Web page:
direction of cutting.
6. Thrust force (Ft): This force in the direction
of t
o
.
It is perpendicular to the cutting force.The cutting
force and thrust force are shown in the Fig. (2),
together with their resultant force (R").





Fig.(2): Thrust and Tangential and their
resultant

By using force diagram in Fig. (3) the following
trigonometric relationships can be defined:
= sin + . 4
= . . (5)
= 6
= +. . (7)
Note. That in the special case of orthogonal cutting
when the rake angle = Eq. (4) and (5) reduce to
F=Ft and N = Fc, respectively. Thus, in this special
case, friction force and its normal force could be
directly measured by the dynamometer.
Cutting force and thrust force are related to the shear
strength of the work material. The relationship can
be established in a more direct way.
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Thamir Salah, Suhair G. Hussain,
Wedad AlAzzawy
E-ISSN: 2224-3429 95 Issue 2, Volume 7, April 2012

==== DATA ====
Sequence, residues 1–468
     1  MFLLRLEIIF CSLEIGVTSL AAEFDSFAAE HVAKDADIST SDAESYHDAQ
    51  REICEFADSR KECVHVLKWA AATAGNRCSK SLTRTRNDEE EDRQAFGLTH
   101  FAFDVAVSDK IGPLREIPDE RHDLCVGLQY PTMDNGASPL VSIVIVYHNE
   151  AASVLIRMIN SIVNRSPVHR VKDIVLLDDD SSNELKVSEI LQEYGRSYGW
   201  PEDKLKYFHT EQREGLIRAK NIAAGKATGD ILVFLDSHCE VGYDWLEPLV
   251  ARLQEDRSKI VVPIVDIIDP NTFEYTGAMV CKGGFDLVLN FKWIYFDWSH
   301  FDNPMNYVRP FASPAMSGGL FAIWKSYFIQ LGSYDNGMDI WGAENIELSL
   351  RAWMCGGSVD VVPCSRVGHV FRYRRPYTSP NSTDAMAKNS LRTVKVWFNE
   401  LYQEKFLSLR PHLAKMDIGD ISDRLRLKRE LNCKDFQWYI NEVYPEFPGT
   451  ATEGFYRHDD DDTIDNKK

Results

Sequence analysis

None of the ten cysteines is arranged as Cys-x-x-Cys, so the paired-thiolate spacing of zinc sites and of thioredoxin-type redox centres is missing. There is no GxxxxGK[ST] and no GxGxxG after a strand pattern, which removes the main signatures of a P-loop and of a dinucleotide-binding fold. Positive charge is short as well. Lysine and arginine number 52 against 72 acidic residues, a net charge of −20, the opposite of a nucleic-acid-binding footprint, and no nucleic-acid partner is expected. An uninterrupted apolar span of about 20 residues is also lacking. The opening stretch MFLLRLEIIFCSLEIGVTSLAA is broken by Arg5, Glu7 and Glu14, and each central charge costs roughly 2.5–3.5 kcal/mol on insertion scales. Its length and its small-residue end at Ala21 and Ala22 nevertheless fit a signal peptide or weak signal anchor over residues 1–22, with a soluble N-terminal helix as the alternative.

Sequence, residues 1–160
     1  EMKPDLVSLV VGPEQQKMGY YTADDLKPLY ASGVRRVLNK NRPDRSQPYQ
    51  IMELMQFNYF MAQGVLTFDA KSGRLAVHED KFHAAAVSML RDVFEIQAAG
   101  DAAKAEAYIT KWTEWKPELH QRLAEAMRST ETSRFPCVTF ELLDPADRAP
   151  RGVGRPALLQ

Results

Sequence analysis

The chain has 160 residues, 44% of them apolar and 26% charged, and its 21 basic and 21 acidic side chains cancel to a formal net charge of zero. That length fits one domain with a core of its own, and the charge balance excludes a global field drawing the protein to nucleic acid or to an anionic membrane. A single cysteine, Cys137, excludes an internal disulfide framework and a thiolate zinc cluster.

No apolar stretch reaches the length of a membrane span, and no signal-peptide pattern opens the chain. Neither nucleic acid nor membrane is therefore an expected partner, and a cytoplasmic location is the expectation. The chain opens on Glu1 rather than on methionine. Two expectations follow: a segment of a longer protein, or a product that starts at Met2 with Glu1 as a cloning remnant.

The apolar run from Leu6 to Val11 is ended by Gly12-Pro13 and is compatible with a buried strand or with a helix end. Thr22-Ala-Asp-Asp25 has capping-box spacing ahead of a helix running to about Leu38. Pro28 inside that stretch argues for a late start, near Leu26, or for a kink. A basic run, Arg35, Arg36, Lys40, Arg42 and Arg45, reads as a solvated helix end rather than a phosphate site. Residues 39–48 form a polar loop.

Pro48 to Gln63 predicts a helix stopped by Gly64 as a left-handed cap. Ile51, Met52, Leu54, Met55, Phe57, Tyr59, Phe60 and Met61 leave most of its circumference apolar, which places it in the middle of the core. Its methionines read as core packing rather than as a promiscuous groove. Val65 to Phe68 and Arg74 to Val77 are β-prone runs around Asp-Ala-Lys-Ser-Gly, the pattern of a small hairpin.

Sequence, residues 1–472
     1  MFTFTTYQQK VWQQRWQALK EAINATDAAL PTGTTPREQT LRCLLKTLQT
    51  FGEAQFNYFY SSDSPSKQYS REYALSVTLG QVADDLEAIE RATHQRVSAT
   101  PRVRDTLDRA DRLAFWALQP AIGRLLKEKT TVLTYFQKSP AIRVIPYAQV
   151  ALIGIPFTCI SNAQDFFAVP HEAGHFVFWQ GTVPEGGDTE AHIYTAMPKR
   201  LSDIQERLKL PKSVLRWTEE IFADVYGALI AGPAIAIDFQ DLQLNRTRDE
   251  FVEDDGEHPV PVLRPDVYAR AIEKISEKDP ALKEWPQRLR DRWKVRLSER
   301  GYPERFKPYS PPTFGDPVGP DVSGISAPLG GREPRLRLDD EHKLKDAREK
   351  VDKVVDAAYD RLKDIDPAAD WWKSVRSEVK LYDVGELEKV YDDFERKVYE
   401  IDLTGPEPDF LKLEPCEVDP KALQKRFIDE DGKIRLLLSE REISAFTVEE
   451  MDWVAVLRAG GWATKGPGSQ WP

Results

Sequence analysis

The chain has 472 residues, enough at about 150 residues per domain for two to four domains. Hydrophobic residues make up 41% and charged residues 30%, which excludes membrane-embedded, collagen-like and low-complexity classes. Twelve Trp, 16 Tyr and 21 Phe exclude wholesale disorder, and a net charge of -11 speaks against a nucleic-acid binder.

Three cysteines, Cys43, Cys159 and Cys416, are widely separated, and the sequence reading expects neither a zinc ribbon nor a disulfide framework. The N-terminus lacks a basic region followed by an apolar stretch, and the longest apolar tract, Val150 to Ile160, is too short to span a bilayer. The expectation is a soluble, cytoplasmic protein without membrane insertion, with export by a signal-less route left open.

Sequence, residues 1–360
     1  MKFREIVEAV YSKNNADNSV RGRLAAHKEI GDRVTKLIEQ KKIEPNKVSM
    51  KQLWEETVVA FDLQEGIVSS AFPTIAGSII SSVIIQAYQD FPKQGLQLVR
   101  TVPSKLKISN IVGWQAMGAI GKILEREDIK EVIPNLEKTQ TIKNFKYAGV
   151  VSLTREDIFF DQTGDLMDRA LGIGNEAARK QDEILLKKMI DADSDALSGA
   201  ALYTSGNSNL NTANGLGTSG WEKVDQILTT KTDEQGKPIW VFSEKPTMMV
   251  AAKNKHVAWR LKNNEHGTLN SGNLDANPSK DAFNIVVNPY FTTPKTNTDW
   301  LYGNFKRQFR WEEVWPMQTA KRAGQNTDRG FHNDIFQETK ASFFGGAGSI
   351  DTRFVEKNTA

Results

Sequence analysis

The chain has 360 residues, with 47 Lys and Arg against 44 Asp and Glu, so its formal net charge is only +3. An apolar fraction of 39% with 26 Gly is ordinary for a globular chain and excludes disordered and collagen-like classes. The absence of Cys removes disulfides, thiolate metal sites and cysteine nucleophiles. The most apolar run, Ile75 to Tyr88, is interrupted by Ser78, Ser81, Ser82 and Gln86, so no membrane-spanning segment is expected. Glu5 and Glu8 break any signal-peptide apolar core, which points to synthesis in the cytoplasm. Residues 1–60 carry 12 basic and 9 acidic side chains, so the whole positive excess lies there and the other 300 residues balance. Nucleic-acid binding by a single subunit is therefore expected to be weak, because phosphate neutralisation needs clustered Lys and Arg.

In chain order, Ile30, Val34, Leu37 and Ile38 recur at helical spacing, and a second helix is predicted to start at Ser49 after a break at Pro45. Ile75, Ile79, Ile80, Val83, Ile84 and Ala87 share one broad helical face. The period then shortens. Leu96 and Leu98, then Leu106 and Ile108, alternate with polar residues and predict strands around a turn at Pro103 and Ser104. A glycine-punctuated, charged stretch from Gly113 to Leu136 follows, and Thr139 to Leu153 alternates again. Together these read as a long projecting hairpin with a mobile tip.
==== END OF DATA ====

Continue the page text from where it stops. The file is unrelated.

Recalling from eq.(2) that the shear force Fs = As,
the force diagram of Fig. (3) can be used to derive
following equations:









Fig.(3): Cutting force Daigram
=
cos
cos( +)
8
Or
=
cos
cos +
. . 9
And
=
cos
cos( +)
. . 10
Or
=
Fs sin
cos( +)
. . 11
These equations allow one to estimate cutting force
and thrust force in an orthogonal cutting operation if
the shear strength of the work material is known.
2.2 Approximation of turning by orthogonal
cutting:
The orthogonal model can be used to approximate
turning and certain other single point machining
operations as long as the feed in these operations is
small relative to depth of cut. Thus most of cutting
will take place in the reactionof the feed, and cutting
on the nose of the tool will be negligible Fig.(4)
indicates the conversion from one cutting situation
to the other part (a) shows turning operation, while
part (b) depicts the corresponding orthogonal case.

Fig.(4): Orthogonal cutting force components

The interpretation of cutting conditions is different
in the two cases. The ship thickness before the cut
(to) in orthogonal cutting corresponds to the feed in
turning and the width of cut (w) in orthogonal
cutting corresponds to the depth of orthogonal
model corresponds to the depth of cut in turning. In
addition, the thrust force in the orthogonal model
corresponds to the feed force (Tf) (that is, the force
on the tool in the direction of feed) in turning.
Cutting speed and cutting force have the same
interpretations in the two cases[12].
3.Modeling of the Machine